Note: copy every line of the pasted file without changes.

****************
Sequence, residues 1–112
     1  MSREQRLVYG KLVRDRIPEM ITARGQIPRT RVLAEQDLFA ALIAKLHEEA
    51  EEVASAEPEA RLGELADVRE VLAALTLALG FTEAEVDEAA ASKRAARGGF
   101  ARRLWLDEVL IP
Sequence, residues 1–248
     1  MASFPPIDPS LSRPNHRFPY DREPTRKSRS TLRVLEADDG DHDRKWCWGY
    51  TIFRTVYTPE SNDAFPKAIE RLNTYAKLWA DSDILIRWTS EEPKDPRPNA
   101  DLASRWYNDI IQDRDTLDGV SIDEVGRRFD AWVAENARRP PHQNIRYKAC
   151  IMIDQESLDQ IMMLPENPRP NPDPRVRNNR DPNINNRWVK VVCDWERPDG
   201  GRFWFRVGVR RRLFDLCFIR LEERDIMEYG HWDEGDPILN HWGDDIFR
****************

Sequence, residues 1–112
     1  MSREQRLVYG KLVRDRIPEM ITARGQIPRT RVLAEQDLFA ALIAKLHEEA
    51  EEVASAEPEA RLGELADVRE VLAALTLALG FTEAEVDEAA ASKRAARGGF
   101  ARRLWLDEVL IP
Sequence, residues 1–248
     1  MASFPPIDPS LSRPNHRFPY DREPTRKSRS TLRVLEADDG DHDRKWCWGY
    51  TIFRTVYTPE SNDAFPKAIE RLNTYAKLWA DSDILIRWTS EEPKDPRPNA
   101  DLASRWYNDI IQDRDTLDGV SIDEVGRRFD AWVAENARRP PHQNIRYKAC
   151  IMIDQESLDQ IMMLPENPRP NPDPRVRNNR DPNINNRWVK VVCDWERPDG
   201  GRFWFRVGVR RRLFDLCFIR LEERDIMEYG HWDEGDPILN HWGDDIFR